We then walked around the area and found a VERY wet Top Spin, but didn’t ride because riders were getting very soaked. I have seen pictures of this before and wanted to ride it, but it was too wet for us at the time. If we stayed later, I would have probably given it a ride. We also ran into ACE member Ric Turner and friend. Ric was riding the powrered coaster Calamity Mine. Actually, this ride appeared to have two names but I will refer to the one I just listed. The powered course once again took us through a heavily themed area including a mine and a few caves. This is where we got our first taste of a non-US ride as some of the clearnaces would never be allowed in the US. Joe demonstrated this by gently reaching his hand to the side and touching a large tree. He wasn’t trying hard to touch it either. It was just so close. Even the clearnces to the caves were very close and could easily be touched without trying hard if desired.

We still had a few things to check out in the park before leaving so we made our way to an area of the park that could be be descrived as IOA’s Toon Lagoon in Europe. I am not sure which area was made first between IOA and Chessington, but this area in Chessington looked very close to IOA’s area. Everything from the cartoonish music, to the very colorful comic book looks. We passed through this area trying to find a Mondial Top Scan we saw earlier. This was a big mistake because we walked for what seemed like forever, passing all kinds of rides we wouldn’t get to ride. When we finally found the Top Scan, we got in the single riders line and waited for our turn to ride.

I had never seen one of these rides in motion so I did what I sometimes do when approaching a new ride. I didn’t look at it. Even when we were in line I didn’t look up. All I could hear were load screams drowning out a strange motor sound. When it was my time to ride, I took my seat and prepared for the unknown. I found out later that the end seats are the best, but I sat in the far left seat, which was still very good. The ride flipped us all over the place and did so rather smoothly. I was impressed with my first ride on a Top Scan.

By this time we had to leave so we quickly made our way out of the park, and back to the train station where we were to take the train back to downtown London. As we were waiting in the quite Chessington train station, we heard the following quote off in the distance.

“What the F___?”

We look back and see Alan Conceico walking up to us from the other side of the station. I first met Alan at the ACE Spring Con at SFGADv in 2000, but I never really got the time to hang out with him much. This was all about the change. Our trains soon showed up and we boarded. Who else boards but the Reagan Family as well as Justin Garvanovic. We had a nice group of friends on the train now and the journey seemed rather short due to all the conversation we had. The Reagan Family had enough for one day so they decided to go back to their hotel. The rest of us still wanted to go see the 444 ft. tall London Eye Ferris Wheel. Justin offered his assistance in taking us around London by foot.

With his help, we were in downtown in what seemed like 2 minutes. As soon as we popped up from the Tube station, we were greated by a street performer playing the bagpipes across the street. This was a nice touch and actually enhanced our first view of downtown. We walked by many different things including a very large movie house that sometimes premiers big name movies. As we continued to walk, Justin asked if we would be intrested in riding the indoor Giant Drop inside The Pepsi Trocadero entertainment complex.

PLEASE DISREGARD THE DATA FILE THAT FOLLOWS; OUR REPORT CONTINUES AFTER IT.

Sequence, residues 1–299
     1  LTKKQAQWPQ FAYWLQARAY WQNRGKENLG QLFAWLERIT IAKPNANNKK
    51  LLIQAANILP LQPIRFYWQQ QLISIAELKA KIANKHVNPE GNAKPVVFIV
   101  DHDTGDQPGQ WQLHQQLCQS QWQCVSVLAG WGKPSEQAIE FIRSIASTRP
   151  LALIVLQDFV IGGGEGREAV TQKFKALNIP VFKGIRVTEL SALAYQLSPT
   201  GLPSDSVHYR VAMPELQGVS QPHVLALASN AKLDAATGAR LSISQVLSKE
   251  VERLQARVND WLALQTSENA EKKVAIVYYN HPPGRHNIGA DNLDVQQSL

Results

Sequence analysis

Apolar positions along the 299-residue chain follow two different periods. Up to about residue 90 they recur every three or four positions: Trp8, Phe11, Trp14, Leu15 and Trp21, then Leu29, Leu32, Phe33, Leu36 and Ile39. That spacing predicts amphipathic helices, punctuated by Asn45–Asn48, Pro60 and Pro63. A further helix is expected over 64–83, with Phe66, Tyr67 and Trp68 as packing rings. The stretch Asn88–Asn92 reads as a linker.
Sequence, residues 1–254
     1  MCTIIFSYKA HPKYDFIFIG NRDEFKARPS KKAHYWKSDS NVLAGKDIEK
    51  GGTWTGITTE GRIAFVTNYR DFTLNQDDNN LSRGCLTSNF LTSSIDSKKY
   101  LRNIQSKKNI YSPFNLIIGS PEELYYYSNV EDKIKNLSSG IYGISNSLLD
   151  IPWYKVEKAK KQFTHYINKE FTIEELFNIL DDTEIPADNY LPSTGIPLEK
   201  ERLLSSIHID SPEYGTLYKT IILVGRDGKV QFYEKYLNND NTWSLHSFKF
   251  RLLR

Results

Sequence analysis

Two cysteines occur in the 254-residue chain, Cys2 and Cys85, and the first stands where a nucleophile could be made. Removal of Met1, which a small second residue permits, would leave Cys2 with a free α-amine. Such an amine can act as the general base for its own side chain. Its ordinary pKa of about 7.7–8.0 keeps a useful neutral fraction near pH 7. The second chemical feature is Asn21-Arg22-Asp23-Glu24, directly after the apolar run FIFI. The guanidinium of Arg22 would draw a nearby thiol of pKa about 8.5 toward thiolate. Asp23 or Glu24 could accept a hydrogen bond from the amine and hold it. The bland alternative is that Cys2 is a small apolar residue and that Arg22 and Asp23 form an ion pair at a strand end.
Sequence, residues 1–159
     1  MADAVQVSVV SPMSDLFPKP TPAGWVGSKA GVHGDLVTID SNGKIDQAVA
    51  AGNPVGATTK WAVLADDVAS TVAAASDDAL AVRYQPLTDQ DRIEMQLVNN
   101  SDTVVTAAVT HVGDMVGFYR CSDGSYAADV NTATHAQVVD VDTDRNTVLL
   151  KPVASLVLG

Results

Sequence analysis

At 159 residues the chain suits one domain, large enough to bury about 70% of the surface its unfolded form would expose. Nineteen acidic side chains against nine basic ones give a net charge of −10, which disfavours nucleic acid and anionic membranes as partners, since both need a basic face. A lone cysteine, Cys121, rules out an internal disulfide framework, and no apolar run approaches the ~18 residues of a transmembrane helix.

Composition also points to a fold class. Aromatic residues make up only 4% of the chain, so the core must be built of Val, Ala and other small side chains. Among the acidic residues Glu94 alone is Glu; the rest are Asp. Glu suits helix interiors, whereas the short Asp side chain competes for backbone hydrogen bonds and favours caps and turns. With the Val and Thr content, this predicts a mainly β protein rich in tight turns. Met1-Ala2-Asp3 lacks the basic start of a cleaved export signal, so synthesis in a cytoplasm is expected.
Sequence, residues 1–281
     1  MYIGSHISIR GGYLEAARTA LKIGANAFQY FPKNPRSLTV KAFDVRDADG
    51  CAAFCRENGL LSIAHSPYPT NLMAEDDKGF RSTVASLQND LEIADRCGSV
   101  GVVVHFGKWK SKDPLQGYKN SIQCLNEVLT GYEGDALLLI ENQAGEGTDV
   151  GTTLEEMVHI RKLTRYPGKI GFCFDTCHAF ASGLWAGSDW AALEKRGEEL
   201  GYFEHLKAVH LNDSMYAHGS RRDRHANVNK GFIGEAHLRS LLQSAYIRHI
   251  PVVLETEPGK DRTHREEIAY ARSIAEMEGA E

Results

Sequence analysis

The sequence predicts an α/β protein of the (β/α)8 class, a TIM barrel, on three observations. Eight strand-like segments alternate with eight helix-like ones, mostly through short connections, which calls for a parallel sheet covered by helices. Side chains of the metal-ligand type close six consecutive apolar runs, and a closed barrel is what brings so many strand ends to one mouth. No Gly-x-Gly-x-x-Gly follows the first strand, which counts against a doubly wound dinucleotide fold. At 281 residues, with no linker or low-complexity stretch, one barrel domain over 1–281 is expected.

I had totally forgotten about this ride being in London. Ever since I read about it in First Drop in 1998, I wanted to ride it but dismissed it as one of those things I will never get to do. We walk into the mall-type area and see the loading station for the 125-foot tall drop ride. First thing I notice is the double deck loading of this ride. One row of 4 seats sits above another 4 rows. Why Intamin haven’t used to to increase capacity on their standard towers is a mystery. I believe the cost for a ride was 4 pounds. After we paid, we took our seats and prepared for a truly unique experience.

Since this ride essintially takes you up into the ceiling, a metal leg shield and side arm shield had to be installed so people couldn’t reach out and touch the surrounding edges. Yep, it’s that close. While going up, you really don’t get a reference to how far up you go because there are walls and escalators in front of you. Once at the top though, you are facing a set of escalators while preparing to drop. I remember seeing someone walking in place on the escalator to watch us drop, and drop we did. Since we had no reference, the drop seemed MUCH longer than it looked. Walls and edges that were mere inches away zoomed by in a blur as we plummeted. The braking was very smooth yet sudden as with most Giant Drops. That is what I call a RUSH!!!

Justin then took us around to various areas including a large square where he made fun of a kid feeding the “Flying rats.” Feeling a bit adventourous, we then did a stint of dangerous jay-walking that resulted in most of us running for our lives. (Damn those motorcycles) We walked by a couple of really intresting areas inclucing the famous Downing Street, as well as Big Ben. Seeing Big Ben close up was something I thought I would never see. We also were surprised to learn that Big Ben isn’t the tower, but rather the bells inside. Why I didn’t know that, I don’t know but I am glad I know it now.

We then crossed the main river that runs through London and made our way over to the HUGE London Eye. Originally we were to meet others at 6:00pm at this attraction but we were a half hour late. We quickly purchased our tickets and took our places on the largest ferris wheel I have seen. We ended up having about 10 people in our pod. The ride is so slow that it takes 25 minutes to complete one revolution. I don’t think any of us were complaning about the speed because we were so blown away by seeing London 444 ft. up in the sky. The Eye provides a very nice view of downtown, including Buckingham Pallace in the distance. As we were at the top of the wheel, Joe freaked himself out (I will leave that up to Joe to explain) as well as everyone else.